Special Issue "Relevant Tensions in the Standard Cosmological Model and Small Scale Problem of Cold Dark Matter Paradigm"
Deadline for manuscript submissions: closed (30 September 2021) | Viewed by 4351
2. Istituto Nazionale di Fisica Nucleare (INFN), Sezione di Torino, Via P. Giuria 1, I-10125 Torino, Italy
Interests: astrophysics; cosmology; gravitation; space science
Special Issues, Collections and Topics in MDPI journals
2. INFN Sezione di Napoli, Compl. Univ. Di Monte S. Angelo, Edificio G, Via Cinthia, I-80126 Napoli, Italy
Interests: astrophysics; cosmology; gravitation; space science; alternative theories of gravity
In the last two decades, statistical analyses of astrophysical and cosmological datasets have favored the concordance ΛCDM cosmological model. In this model, the most important energy density component is dark energy (DE), needed to explain the undergoing period of accelerated expansion. The second in importance is dark matter (DM), needed to explain the emergence of large-scale structures. Nevertheless, the model lacks observational evidence of DM and DE at the particle level: Their dynamical effects are evident at galactic, extragalactic, and cosmological scales, but their fundamental nature, whether in particles or scalar fields, is still completely unknown.
The standard cold dark matter (CDM) paradigm shows several difficulties at galactic scales. For example, the Navarro–Frenk–White density profile cannot easily justify the existence of core in low surface brightness, dwarf and ultra-faint galaxies (the so-called cuspy-core problem), and there is a discrepancy in the number of observed and predicted satellites around massive galaxies (the so-called missing satellite problem). These are only two among many other problems that CDM encounters at small scales. This “small-scale crisis” may open up new avenues to explore to solve these issues (for instance, a change of paradigm from CDM to self-interacting, warm or fuzzy DM, among others). On this side, the role of N-body simulations is strategic to understand the impact of baryonic feedback, and whether it can represent a solution to the small-scale issues within the CDM.
Although the ΛCDM model successfully explains observations ranging from cosmic microwave background radiation to the large-scale structure of the universe, it leads to tensions on cosmological scales between high- and low-redshift determination of the cosmological parameters. An example is the well-known tension in the Hubble constant parameter. The solution of this and other issues may reside in a different paradigm of DE such as an early DE component, among others.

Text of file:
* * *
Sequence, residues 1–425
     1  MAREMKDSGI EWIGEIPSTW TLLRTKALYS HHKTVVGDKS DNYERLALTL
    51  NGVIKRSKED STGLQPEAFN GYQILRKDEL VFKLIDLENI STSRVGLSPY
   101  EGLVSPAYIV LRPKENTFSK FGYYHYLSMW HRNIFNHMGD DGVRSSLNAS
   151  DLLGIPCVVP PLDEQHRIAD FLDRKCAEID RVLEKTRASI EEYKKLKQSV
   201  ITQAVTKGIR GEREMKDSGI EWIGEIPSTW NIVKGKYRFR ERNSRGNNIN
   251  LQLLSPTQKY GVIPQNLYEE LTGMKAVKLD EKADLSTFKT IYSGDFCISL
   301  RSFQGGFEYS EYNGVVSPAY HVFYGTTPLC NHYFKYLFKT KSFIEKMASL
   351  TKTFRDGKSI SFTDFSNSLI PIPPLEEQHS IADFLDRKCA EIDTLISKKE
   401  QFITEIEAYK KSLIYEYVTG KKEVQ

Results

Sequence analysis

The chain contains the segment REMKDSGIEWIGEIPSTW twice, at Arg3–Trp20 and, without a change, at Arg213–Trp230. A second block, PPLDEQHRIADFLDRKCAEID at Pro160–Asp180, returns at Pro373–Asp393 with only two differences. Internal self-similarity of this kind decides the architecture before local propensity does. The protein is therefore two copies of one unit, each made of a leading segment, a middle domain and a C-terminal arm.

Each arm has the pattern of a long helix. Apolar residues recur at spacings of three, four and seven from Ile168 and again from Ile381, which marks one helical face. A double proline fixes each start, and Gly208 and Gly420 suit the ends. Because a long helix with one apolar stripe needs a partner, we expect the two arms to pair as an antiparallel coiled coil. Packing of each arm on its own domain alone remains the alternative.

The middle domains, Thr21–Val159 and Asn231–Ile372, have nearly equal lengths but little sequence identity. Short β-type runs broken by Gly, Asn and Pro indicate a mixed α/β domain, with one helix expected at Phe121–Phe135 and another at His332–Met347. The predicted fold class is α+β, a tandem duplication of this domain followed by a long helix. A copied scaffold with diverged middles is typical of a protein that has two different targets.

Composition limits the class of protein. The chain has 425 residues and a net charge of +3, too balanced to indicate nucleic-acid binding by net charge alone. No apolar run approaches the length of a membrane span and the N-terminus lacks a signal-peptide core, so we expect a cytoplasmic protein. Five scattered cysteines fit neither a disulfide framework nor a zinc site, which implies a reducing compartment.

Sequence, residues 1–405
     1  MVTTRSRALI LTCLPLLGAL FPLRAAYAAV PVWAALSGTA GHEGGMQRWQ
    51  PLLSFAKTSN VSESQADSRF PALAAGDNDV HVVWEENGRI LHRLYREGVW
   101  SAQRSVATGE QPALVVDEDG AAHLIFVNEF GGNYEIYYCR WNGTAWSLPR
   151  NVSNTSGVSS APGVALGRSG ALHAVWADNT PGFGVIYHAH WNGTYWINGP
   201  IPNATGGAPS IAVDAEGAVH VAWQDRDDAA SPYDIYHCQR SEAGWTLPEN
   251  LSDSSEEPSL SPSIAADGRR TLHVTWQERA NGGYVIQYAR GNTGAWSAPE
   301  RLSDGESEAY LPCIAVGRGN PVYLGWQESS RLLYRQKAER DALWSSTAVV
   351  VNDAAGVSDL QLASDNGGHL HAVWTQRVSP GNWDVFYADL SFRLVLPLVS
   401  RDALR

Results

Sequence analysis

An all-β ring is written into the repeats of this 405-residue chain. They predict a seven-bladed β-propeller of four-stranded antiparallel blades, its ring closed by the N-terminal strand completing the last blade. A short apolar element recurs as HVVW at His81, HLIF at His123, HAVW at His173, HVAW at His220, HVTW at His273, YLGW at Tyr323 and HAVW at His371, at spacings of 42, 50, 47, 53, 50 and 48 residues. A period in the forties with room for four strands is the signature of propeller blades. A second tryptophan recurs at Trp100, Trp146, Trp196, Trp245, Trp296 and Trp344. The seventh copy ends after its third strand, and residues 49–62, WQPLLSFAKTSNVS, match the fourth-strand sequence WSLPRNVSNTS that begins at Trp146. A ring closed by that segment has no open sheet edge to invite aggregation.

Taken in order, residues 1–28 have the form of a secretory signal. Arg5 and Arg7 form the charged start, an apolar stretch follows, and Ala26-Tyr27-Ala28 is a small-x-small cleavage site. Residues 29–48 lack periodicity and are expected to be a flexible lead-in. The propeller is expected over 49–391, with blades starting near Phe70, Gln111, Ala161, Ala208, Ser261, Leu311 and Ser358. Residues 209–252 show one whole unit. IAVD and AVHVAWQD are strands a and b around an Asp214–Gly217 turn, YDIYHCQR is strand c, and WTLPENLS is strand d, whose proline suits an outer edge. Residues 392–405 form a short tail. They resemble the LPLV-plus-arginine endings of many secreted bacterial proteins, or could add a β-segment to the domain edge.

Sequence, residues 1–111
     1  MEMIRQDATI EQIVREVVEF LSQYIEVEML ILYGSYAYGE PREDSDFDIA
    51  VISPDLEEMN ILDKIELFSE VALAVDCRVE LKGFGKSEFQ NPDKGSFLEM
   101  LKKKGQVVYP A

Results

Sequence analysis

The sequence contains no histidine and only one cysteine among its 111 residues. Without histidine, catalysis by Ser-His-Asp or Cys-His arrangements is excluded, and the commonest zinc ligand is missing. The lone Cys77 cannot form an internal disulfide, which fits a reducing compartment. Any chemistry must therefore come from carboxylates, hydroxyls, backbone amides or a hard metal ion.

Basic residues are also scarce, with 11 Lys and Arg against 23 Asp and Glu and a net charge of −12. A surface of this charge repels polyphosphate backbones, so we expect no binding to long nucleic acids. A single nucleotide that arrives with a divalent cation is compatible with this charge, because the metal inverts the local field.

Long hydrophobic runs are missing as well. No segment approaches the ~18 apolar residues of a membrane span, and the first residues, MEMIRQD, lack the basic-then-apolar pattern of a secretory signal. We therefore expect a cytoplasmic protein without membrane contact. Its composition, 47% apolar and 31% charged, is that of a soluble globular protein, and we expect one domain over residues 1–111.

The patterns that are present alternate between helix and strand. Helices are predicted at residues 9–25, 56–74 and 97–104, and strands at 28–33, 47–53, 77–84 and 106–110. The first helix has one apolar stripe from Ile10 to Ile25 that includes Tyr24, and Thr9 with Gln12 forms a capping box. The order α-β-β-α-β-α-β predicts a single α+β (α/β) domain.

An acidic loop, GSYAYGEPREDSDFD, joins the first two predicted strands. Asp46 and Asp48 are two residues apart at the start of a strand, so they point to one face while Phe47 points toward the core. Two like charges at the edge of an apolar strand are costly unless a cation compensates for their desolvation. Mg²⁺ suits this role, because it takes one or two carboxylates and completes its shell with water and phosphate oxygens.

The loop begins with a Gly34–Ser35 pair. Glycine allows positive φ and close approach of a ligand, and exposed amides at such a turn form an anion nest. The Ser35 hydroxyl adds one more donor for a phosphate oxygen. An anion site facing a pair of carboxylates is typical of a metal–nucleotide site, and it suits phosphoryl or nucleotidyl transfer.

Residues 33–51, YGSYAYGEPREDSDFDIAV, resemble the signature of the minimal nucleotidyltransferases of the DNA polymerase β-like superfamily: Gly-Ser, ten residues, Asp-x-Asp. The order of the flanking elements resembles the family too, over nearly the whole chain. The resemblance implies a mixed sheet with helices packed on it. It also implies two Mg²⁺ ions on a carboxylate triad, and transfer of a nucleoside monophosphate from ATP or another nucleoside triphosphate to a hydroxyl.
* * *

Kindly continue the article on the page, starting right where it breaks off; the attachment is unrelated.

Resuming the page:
The aim of this Special Issue is to discuss the concordance ΛCDM cosmological model through the problems it encounters at both cosmological and galactic scales, and the possible solutions to unveil the nature of DM and DE, and whether general relativity holds on all scales. The contributions to this issue may be related to alternative paradigms, detection strategies, N-body simulations and data analysis methods, recent discovery confirming or questioning the standard paradigm, and reviews on the state-of-the-art of the field.Dr. Ivan De Martino
Prof. Dr. Mariafelicia de Laurentis
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- The nature of dark matter and dark energy
- Current and future cosmological and astrophysical observations
- Current and future detection strategies for dark matter and dark energy
- Small-scale problems of CDM
- Cosmological tensions of ΛCDM
- Alternative model of DM: warm dark matter, self-interacting dark matter, fuzzy dark matter, axions, and modified gravity, among others
- Alternative model of DE: quintessence, k-essence, interacting dark energy, early dark energy, variation of fundamental constants, and modified gravity, among others
- Data analysis methods
- N-body simulations